[e2e] Congestion control decision frequency + scaling of related signaling

Michael Welzl michael at tk.uni-linz.ac.at
Thu Jul 5 03:33:56 PDT 2001

Hi all,

One major issue of Explicit Rate (and any other congestion control
related) signaling is its scalability: whether it is designed for
edge2edge or end2end usage, it must remain scalable.

Some key factors are obvious:
- treatment of ER signaling packets in routers must be very efficient
- per flow state (or even flow counting) in routers should definitely
  be avoided

Another important factor is the amount of packets. It is well known
that adapting the sending rate faster than once per RTT can lead to
oscillations whereas adapting slower can lead to "unresponsive behaviour".
So the RTT (SRTT) could be seen as an optimal choice for any congestion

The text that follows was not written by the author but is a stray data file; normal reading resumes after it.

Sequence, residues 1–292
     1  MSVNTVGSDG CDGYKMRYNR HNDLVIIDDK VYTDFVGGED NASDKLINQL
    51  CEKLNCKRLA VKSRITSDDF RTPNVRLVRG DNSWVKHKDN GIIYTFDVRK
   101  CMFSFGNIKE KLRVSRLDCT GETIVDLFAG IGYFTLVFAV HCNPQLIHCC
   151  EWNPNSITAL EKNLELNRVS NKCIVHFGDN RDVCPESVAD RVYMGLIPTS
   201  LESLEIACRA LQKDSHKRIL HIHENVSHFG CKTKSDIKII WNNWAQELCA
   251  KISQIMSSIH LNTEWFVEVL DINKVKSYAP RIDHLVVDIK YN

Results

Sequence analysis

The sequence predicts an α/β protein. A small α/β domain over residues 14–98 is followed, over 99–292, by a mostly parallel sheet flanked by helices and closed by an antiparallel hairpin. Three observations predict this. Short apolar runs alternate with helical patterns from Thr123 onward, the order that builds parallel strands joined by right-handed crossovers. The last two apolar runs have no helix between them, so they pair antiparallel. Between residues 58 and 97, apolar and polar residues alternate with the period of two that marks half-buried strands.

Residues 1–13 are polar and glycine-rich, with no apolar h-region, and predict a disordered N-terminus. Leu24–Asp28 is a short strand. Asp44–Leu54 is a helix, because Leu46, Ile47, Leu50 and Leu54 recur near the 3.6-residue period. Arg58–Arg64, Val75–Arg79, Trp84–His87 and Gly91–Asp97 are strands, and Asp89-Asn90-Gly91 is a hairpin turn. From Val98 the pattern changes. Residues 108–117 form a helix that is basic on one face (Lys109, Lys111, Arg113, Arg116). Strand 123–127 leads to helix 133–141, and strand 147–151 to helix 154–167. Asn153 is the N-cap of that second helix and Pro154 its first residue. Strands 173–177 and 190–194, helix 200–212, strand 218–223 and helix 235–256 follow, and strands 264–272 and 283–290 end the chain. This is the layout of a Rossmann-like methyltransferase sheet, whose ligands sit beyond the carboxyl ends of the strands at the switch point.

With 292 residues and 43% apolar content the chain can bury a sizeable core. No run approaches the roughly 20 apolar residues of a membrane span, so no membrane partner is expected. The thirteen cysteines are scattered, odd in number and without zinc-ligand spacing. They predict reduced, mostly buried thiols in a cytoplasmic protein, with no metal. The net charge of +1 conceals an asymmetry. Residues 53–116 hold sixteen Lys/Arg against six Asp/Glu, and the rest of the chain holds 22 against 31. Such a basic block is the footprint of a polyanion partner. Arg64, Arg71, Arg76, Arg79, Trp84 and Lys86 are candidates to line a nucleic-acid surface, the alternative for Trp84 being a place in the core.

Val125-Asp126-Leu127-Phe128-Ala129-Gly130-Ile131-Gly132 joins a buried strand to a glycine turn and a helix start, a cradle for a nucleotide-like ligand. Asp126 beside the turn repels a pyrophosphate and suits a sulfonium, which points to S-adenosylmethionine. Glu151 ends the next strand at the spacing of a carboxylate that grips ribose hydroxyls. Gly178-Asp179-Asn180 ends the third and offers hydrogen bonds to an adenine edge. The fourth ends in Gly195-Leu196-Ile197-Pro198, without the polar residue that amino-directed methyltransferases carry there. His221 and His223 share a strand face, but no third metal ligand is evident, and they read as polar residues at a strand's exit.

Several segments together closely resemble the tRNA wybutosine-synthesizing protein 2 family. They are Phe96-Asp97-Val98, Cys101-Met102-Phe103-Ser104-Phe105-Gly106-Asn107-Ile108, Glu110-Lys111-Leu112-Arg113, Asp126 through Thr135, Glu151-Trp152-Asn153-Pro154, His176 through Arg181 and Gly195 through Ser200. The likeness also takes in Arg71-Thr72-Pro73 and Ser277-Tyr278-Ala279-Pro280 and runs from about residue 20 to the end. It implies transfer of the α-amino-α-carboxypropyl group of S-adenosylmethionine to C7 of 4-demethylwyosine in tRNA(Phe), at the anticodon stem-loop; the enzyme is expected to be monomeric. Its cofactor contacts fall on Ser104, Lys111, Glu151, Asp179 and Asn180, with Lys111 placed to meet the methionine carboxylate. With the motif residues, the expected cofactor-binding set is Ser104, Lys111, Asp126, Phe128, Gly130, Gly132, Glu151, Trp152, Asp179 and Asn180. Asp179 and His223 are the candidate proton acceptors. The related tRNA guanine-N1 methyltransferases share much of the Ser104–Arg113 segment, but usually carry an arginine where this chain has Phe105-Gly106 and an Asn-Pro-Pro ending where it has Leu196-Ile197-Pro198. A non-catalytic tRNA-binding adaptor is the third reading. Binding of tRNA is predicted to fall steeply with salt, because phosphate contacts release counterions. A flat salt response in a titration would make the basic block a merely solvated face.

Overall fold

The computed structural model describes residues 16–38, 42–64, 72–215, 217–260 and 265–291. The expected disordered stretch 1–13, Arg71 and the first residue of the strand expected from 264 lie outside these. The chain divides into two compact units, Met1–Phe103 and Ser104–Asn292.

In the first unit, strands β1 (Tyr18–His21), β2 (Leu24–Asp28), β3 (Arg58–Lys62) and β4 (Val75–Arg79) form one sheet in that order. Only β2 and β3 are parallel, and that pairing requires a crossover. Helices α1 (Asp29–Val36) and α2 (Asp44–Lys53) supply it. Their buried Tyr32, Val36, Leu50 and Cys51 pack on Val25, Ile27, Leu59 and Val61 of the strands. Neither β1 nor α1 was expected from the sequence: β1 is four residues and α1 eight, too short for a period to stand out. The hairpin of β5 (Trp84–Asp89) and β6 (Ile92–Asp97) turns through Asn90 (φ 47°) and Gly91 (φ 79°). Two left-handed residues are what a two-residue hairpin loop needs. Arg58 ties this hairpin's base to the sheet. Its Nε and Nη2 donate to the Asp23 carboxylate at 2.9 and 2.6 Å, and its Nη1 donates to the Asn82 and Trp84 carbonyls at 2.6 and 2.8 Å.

control related signaling / decision frequency.

There are two problems I have with that:

1.) Shouldn't the optimal decision frequency for congestion control
    generally be 2 RTT instead of 1 RTT?

    Here's a quote from "Congestion Avoidance in Computer Networks With
    a Connectionless Network Layer", Raj Jain / K. K. Ramakrishnan /
    Dah-Ming Chiu:
    "System control theory tells us that the optimal control frequency
     depends upon the feedback delay - the time between applying a control
     (change window) and getting feedback (bits) from the network
     corresponding to this control. In computer networks, it takes one
     round-trip delay to affect the control, that is, for the new window
     to take effect and another round-trip delay to get the resulting
     change fed back from the network to the users. This leads us to
     the recommendation that windows should be adjusted once every two
     round-trip delays (two window turns) (..)."

2.) A common method to make signaling scale is to make its traffic a
    certain percentage of a network node's generated traffic (or the
    related traffic). For a network wide given value (say 30% of the
    traffic), the overall signaling traffic in the network then does
    not exceed this percentage. This method is used in some experimental
    ABR schemes and in RTP / RTCP. But what is a reasonable value?


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